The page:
Auditory P300 and self-reported impulsive aggression

John E. Gerstle, Charles W. Mathias, Matthew S. Stanford

Research output: Contribution to journalArticlepeer-review

53 Scopus citations


1. The purpose of the present study was to determine the cognitive psychophysiological correlates of impulsive aggression in a population considered 'normal' by societal standards: college students. 2. Auditory event-related potentials were acquired on all subjects during a standard oddball task. The stimuli consisted of a random sequence of two tones, a frequent 1,000 Hz tone and a rare 2,000 Hz tone. Tones were presented in a ratio of 80/20. 3. Results of the study demonstrated that impulsive aggressive subjects show significantly lower P300 amplitude at frontal electrode sites when compared to nonaggressive controls. 4. These findings are consistent with the psychophysiological findings in impulsive aggressive incarcerated criminals and support the notion of a specific behavioral syndrome associated with spontaneous aggressive outbursts.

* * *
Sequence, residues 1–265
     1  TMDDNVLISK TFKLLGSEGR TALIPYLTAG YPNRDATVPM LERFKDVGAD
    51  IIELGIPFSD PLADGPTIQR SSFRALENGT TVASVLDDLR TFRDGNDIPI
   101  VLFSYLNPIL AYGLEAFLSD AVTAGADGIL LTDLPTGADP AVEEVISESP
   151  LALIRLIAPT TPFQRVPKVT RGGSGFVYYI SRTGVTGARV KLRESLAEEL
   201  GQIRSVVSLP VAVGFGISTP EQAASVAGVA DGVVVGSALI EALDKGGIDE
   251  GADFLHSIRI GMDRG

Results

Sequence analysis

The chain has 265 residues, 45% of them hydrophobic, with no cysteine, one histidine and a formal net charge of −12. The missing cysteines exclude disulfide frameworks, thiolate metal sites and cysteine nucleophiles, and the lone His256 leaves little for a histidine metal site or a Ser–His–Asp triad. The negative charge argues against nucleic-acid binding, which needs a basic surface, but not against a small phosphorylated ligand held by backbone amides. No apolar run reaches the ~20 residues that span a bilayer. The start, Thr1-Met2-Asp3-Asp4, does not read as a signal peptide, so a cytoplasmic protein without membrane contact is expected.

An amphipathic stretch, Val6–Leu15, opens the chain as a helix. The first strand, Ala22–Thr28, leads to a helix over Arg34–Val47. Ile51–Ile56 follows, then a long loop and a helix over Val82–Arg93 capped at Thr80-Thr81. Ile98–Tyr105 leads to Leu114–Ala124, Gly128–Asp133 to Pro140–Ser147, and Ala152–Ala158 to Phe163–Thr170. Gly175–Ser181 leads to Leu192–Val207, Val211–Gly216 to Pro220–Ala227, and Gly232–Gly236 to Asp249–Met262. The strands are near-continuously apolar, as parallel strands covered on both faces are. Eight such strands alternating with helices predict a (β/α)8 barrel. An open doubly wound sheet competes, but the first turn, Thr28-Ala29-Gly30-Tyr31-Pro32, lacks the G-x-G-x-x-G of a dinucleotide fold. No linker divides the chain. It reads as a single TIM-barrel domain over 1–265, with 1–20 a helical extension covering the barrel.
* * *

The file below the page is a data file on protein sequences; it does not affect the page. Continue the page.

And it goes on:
Original languageEnglish (US)
Pages (from-to)575-583
Number of pages9
JournalProgress in Neuro-Psychopharmacology and Biological Psychiatry
Issue number4
StatePublished - May 1998


  • Aggression
  • Event-related potentials
  • Impulsiveness
  • P300

ASJC Scopus subject areas

  • Pharmacology
  • Biological Psychiatry


Dive into the research topics of 'Auditory P300 and self-reported impulsive aggression'. Together they form a unique fingerprint.

Cite this